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Cop Suspended Over ‘Closed-Casket’ Comment After Would-Be Cop-Killer Was Shot

Dreasjon Reed nearly crashed into citizens during a high-speed chase, then opened fire on a pursuing officer.

Indianapolis, IN – An Indianapolis police officer has been suspended and reassigned for a comment he made at the scene of a fatal officer-involved shooting.

“I think it’s going to be a closed casket, homie,” the unnamed officer said, just moments after the 21-year-old gunman, Dreasjon Reed, was fatally shot by a fellow officer.

The officer’s statement was captured by the Facebook Live video Reed was streaming as he fled from pursuing officers and during the ensuing shootout, WRTV reported.

Thousands of people tuned in to watch the events unfold, according to WTHR.

The Indianapolis Metro Police Department (IMPD) has not released the name of the officer for his own safety, but said that he is African-American, WRTV reported.

They said they will also not release the identity of the officer who exchanged gunfire with Reed, according to The Indianapolis Star.

IMPD Chief Randal Taylor said that detectives are currently investigating at least 26 threats that were made against police in the wake of the officer-involved shooting.

The incident began shortly before 6 p.m. on May 6, when IMPD Deputy Chief Kendale Adams spotted someone in a gray Toyota Corolla driving recklessly on Interstate 65, according to The Washington Post.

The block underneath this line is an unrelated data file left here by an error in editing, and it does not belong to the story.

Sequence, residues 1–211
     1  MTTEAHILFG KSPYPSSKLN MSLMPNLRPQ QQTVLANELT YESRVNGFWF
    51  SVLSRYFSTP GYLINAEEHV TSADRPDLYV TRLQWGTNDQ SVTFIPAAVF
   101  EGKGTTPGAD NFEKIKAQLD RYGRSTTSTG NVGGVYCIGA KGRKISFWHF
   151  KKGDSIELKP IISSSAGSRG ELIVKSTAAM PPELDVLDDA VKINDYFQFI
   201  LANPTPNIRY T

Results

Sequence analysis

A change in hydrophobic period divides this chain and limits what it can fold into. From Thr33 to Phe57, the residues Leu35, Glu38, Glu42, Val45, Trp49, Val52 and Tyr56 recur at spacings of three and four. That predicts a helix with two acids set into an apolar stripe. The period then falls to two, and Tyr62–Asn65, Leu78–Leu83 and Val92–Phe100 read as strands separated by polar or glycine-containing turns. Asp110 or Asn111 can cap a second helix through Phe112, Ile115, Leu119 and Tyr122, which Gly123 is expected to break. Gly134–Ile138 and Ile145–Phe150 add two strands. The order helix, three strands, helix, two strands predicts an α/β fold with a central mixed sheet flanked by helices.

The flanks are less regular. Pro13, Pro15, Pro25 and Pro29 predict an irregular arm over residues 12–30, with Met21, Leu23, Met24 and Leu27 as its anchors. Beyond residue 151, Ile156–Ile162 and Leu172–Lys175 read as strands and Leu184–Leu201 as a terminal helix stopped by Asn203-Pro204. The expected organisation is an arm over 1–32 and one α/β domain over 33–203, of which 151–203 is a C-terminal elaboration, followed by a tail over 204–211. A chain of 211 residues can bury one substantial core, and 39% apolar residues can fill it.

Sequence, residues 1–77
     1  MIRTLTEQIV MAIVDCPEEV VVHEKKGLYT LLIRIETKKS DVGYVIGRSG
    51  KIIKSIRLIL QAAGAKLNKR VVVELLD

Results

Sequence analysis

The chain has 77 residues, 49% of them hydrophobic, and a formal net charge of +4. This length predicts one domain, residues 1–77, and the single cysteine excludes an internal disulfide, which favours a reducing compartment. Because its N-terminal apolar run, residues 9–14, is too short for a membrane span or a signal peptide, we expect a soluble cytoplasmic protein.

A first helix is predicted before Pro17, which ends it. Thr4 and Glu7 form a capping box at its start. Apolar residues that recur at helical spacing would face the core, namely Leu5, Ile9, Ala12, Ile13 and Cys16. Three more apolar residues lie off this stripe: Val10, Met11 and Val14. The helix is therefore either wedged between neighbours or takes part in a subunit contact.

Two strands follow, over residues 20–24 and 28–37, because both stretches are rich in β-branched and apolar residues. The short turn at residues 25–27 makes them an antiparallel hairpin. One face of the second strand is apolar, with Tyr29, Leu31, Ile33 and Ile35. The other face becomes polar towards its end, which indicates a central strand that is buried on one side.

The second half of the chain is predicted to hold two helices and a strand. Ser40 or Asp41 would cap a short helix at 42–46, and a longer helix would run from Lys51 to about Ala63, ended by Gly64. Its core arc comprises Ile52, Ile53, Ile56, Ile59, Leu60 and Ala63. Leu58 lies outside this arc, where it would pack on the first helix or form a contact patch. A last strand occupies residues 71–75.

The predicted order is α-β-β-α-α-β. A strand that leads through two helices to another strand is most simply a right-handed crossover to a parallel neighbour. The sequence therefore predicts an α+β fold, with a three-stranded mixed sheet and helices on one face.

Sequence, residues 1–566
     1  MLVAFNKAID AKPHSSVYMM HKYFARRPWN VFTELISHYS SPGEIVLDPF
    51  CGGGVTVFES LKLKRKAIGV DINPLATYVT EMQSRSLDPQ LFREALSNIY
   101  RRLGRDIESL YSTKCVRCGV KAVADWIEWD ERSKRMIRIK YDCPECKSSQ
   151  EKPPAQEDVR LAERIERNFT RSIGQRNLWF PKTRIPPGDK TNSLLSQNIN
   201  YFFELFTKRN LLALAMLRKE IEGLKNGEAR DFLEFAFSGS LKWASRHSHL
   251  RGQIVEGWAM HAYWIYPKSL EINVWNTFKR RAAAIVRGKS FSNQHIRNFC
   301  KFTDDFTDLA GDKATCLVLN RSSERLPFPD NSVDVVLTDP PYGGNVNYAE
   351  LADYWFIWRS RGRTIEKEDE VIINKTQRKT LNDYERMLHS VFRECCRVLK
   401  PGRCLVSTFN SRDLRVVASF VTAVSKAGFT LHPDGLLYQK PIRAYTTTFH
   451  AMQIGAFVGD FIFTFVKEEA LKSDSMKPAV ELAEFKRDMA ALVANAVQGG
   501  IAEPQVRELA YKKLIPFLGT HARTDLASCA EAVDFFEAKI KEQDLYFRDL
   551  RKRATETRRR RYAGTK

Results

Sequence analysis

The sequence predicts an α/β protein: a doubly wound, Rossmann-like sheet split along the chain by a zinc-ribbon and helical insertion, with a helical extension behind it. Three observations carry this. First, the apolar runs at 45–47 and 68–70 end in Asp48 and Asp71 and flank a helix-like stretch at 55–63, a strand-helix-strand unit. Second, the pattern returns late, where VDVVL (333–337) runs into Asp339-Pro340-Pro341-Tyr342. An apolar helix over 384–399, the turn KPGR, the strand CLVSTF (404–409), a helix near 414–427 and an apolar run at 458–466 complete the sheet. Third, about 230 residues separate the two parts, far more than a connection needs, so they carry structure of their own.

The suspect, later identified by his family as Reed, was traveling “at a high rate of speed and disobeying all traffic signals,” and nearly slammed into other vehicles as he exited the interstate, police said.

Deputy Chief Adams, who was in an unmarked vehicle, attempted to stop the reckless driver and radioed for additional assistance, The Indianapolis Star reported.

Chief Taylor, who happened to be traveling behind Deputy Chief Adams in a second unmarked vehicle, joined the pursuit as Reed sped away at speeds of up to 90 miles per hour.

When officers in marked patrol vehicles arrived in the area, Chief Taylor and Deputy Chief Adams turned the chase over to them – a move that is standard procedure for officers in unmarked vehicles, the Indianapolis Star reported.

Meanwhile, a shirtless Reed began streaming the chase on Facebook Live under the title, “High speed chase lol,” according to The Washington Post.

“You gotta look,” he told the thousands of viewers who tuned in as he pointed the camera at the patrol vehicle following behind him, according to The Indianapolis Star. “It’s just one right now.”

“Almost lost him, y’all!” he announced a moment later. “Almost got rid of his -ss!”

An IMPD sergeant terminated the chase just minutes later due to the suspect’s dangerous speeds and recklessness, The Indianapolis Star reported.

“I’m not going to jail today!” Reed yelled in the video.

A short while later, an IMPD officer spotted Reed driving eastbound on 62nd Street, The Indianapolis Star reported.

“I’m gonna park this motherf–ker!” Reed squealed in the video. “Somebody come get my stupid -ss! I’m on 62nd and Michigan, I just parked this mother–ker imma go! Please come get me!”

Reed then jumped out of the vehicle and took off running.

The officer chased the suspect on foot for a moment before he and Reed got into a confrontation, IMPD Assistant Chief Chris Bailey said, according to The Indianapolis Star.

The officer also deployed his Taser at some point during the altercation, according to The Washington Post.

“Stop! Stop!” the officer ordered in the video.

“F–k you!” Reed yelled back.

The suspect then shot at the officer, who returned fire, WTHR reported.

Reed yelled out and appeared to collapse to the ground with his cell phone pointed up at the sky as the livestream continued.